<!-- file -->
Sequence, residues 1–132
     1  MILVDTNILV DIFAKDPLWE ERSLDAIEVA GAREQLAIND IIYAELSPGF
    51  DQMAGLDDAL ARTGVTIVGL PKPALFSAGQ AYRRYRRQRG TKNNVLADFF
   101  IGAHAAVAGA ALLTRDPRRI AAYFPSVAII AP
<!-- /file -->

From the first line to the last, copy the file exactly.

Sequence, residues 1–132
     1  MILVDTNILV DIFAKDPLWE ERSLDAIEVA GAREQLAIND IIYAELSPGF
    51  DQMAGLDDAL ARTGVTIVGL PKPALFSAGQ AYRRYRRQRG TKNNVLADFF
   101  IGAHAAVAGA ALLTRDPRRI AAYFPSVAII AP